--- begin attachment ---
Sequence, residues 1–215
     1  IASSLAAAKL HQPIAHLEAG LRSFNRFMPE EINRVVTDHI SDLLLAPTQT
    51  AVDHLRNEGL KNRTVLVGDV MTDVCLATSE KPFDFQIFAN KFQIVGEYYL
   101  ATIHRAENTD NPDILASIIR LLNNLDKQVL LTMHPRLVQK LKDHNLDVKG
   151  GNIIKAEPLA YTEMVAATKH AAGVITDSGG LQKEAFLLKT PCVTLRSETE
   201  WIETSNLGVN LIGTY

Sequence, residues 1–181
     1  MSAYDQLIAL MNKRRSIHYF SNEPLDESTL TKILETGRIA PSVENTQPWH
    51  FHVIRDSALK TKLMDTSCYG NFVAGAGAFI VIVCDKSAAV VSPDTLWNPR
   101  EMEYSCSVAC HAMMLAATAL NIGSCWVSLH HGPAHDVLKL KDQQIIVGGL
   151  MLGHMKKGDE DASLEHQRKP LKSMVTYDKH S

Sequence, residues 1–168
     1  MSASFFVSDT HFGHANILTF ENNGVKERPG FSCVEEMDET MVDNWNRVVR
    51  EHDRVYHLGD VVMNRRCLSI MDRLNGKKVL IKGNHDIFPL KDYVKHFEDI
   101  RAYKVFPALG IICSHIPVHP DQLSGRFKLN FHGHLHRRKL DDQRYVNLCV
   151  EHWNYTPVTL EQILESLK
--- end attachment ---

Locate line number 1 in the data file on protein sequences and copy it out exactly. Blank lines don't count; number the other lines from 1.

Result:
Sequence, residues 1–215